I never thought I would say this, but I’m almost beginning to feel sorry for Donald Trump. Whatever he has said recently seems to be wrong. Earlier, he said it was the responsibility of the state governors to take control of the pandemic and the federal government was just the backup. And the governors, both Republican and Democratic, did take control of fighting the pandemic, especially after the president said, “It’s not my responsibility.” Now, the president, seemingly fearful that he might be looking weak, decided he has the authority to overrule what the states have done and open the economy, lift all the state stay-at-home orders, overrule the governors in their own states and send everyone back to work at his pleasure. This time, he said, “The president’s authority is total,” which I suspect is a large overstatement of his constitutional powers. Few leaders since the French King Louies have said, “l’etate c’est moi,” essentially “I am the state.” It is very much out of fashion. Then there was the recent two-plus-hour coronavirus briefing at the White House with a campaign video thrown in and the conclusion I came to is that Trump’s losing it. He’s the very opposite of calm and thoughtful. Actually, calm and thoughtful would serve him well, but I get the feeling he can’t stop himself. He doesn’t know how to be noncombative. He can’t stop himself from getting into battles with reporters at each briefing. Trump has changed the unspoken rules of interaction with the press. Before, the press was respectful of the presidency—asked a question and then gave the president a chance to answer. The president, in return, didn’t attack them personally, even though many of the questions were really landmines. Trump changed the rules and now he has to live with that. Today, reporters at the briefings ask a question and, before Trump can get his full answer out, they are jumping in with a follow-up question to try and trip him up. It’s equally clear that they don’t like him any more than he likes them. This battle may work for his base, but it’s really risky in a situation like the coronavirus where people are looking for some sign of hope and stability and leadership. November is getting closer and I think we’re going to see more and more of this in the coming months. It’s looking more and more like simply a plebiscite on Trump rather than a battle between Trump and Biden.


The $2.2 trillion rescue bill has yet to show up in real dollars, which is really not terribly surprising. When you consider there are 11 million people unemployed already and the number is growing, you can understand that that all government offices, at every level, federal, state and local, are swamped. In the meantime, everything appears to be frozen in place. Few are paying their mortgages or rent and even though they can’t evict you or foreclose, because of the new rules, it still makes us all very uncomfortable. Most of us are very responsible people and not having current dollars to stay responsible is making some of us very crazy. Many of the banks and mortgage companies are giving a three-month moratorium on payments but it’s not clear what happens afterward. Still, it’s better than defaults and interest and fines. Unfortunately, some banks have been a disaster. We banked for years with US Bank, which was a successor bank to Santa Monica Bank. We tried to call them to see what they were doing and after two hours on the phone, our controller finally got through to hear that they weren’t going to do a damn thing, no programs, no extensions of additional credit, blah, blah, sort of like nothing had happened. As soon as this is over, we are out of there as I would suggest to anyone else who banks with them. We don’t need a bank just to keep score. Any bank can do that. We need someone who has our back in uncertain times and, in that respect, they have totally failed us, so, goodbye, US Bank. On the insurance side, there is some good news and some bad news. On the business continuation insurance, the carriers are, of course, turning everyone down, which means, “sue us if you don’t like it.” Still, the shutdown means we aren’t driving like we did before and the California insurance commissioner says the insurance companies should refund roughly two months of our premiums because of fewer accidents.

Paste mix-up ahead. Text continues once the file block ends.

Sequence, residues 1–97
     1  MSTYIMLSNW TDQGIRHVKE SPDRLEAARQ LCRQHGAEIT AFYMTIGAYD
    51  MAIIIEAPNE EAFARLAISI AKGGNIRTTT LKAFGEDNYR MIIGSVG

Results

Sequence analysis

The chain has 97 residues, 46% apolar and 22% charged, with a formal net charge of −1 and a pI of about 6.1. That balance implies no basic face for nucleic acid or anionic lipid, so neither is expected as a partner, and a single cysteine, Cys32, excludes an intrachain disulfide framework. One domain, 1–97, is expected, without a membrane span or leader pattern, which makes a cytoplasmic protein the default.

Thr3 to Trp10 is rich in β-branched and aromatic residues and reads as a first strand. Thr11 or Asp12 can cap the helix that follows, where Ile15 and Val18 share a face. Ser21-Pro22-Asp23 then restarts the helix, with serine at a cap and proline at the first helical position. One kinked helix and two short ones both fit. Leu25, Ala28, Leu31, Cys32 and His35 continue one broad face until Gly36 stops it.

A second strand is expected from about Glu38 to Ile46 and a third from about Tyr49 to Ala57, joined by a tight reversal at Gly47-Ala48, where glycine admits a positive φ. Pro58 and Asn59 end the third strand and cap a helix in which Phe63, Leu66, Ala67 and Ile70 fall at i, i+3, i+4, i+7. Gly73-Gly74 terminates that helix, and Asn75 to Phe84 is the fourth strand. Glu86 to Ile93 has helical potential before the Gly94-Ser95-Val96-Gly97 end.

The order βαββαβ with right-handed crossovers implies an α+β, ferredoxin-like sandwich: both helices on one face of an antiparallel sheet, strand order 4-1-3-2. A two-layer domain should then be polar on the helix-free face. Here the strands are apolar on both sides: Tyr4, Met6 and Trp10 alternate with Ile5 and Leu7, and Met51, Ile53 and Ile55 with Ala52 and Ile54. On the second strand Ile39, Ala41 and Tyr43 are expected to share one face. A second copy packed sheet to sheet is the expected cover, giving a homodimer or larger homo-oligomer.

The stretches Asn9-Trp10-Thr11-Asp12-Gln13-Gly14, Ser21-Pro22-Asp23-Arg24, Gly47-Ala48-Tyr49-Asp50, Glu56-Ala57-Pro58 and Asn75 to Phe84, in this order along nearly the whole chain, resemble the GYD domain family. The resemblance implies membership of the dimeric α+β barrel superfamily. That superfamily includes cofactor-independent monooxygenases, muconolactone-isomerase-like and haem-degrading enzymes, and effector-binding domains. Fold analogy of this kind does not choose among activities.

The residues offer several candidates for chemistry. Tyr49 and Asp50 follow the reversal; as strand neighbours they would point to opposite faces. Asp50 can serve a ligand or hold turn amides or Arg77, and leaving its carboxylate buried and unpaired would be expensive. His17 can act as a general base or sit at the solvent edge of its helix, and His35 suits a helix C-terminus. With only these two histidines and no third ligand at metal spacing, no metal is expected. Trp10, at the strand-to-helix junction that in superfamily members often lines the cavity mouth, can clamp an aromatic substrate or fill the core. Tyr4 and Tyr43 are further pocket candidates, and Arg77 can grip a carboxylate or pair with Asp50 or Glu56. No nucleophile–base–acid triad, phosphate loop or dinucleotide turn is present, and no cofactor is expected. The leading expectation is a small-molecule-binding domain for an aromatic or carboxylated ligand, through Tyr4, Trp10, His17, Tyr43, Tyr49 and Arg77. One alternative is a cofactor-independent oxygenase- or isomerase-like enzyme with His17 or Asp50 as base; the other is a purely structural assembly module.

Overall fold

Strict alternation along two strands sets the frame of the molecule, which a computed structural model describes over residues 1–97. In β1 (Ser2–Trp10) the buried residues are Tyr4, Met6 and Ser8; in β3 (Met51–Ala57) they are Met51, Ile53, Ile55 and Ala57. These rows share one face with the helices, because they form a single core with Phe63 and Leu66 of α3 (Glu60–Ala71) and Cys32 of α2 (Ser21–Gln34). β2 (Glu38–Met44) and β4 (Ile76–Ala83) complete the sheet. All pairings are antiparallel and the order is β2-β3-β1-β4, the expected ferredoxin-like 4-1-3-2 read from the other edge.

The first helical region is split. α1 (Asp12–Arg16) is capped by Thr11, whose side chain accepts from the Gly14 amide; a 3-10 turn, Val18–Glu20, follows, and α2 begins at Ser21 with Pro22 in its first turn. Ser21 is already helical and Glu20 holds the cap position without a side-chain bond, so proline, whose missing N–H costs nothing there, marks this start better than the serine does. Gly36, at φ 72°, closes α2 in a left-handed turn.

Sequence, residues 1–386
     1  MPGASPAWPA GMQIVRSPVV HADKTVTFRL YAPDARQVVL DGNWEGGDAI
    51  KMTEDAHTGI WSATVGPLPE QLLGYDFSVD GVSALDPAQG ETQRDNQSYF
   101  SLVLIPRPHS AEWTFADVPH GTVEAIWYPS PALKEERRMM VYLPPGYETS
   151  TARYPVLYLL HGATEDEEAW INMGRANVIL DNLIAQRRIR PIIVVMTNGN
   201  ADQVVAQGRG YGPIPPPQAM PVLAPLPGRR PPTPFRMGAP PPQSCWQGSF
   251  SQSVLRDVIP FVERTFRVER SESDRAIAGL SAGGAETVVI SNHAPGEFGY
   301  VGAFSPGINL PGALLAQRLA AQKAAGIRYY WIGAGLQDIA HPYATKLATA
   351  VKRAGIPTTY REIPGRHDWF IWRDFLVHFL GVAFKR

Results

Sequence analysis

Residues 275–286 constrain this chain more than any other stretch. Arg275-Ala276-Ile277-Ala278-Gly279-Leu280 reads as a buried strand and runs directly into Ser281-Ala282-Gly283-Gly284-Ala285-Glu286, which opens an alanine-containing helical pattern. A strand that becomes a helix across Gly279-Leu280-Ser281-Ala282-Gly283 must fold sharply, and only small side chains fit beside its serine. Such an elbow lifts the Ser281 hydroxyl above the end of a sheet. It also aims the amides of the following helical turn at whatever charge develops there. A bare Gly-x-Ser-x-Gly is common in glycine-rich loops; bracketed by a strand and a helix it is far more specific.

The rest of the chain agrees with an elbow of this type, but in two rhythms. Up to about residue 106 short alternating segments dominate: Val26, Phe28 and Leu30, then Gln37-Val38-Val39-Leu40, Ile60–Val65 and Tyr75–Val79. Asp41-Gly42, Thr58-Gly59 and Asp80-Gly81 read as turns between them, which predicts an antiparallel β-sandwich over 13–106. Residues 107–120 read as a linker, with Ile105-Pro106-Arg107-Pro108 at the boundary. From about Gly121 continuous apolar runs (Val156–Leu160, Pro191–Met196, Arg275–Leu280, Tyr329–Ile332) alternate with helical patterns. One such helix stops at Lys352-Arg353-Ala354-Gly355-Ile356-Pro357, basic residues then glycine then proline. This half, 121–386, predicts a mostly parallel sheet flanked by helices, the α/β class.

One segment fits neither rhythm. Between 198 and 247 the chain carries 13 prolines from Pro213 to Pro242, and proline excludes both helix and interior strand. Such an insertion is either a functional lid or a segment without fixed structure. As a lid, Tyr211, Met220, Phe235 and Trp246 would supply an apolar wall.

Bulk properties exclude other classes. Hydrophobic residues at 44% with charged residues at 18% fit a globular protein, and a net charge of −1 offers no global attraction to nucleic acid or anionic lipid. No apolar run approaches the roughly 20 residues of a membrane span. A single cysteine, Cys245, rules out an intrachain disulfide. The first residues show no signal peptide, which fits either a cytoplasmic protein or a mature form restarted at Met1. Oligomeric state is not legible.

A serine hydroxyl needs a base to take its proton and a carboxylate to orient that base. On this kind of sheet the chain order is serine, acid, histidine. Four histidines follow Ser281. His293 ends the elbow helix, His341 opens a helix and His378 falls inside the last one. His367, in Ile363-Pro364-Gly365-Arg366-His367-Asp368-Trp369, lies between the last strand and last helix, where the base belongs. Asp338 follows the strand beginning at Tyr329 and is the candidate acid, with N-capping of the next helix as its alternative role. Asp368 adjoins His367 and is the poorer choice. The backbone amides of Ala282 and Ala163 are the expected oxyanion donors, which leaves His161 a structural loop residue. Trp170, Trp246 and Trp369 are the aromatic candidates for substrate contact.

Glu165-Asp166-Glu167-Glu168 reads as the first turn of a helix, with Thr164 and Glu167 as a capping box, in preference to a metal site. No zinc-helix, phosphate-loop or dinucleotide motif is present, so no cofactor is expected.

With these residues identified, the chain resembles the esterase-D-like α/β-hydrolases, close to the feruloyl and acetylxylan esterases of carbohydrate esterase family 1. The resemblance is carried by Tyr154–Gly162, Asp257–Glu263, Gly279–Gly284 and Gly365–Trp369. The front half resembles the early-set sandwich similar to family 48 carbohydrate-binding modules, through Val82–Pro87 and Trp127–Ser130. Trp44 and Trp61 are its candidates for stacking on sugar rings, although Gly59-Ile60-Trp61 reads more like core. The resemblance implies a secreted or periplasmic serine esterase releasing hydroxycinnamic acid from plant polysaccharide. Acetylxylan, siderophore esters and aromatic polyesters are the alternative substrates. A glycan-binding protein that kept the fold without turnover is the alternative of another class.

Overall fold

This shutdown has forced all to find alternatives for face-to-face meetings, like Zoom. I know I should have bought some stock. Still, as we all get used to it (including my wife’s 97-year-old aunt,) I think we’ll never go back completely. We’re going to see, I suspect, more people working remotely at least part of the time. The upside is less time spent on the freeways. The downside is the loss of intimacy and the casual interactions in the workplace. It also takes more planning, but we will work out the kinks in time. Today’s Malibu Times, out on the streets this week, has been put together in a half dozen different locations, so forgive us if there are some mistakes. That’s what a correction box is for.


Lastly, I want to thank you all for buying subscriptions and sponsorships and making donations. This is a difficult time for all of us in the newspaper business and particularly The Malibu Times. We’ve never missed an issue since Reeves Templeman started it in 1946 and we certainly don’t intend to break that streak now. We were just recovering from the Woolsey Fire and, boom, there is another plague (which seems appropriate at Passover time). Many of you have been more than generous, even those who said they were sending money despite not agreeing with me, but that’s perfectly all right. I’ve always considered money to be neutral, not Republican money or Democratic money, just good old fashioned American green money. So, please keep it coming. Buy those subscriptions and once this pandemic has passed, we’re going to throw a big party.

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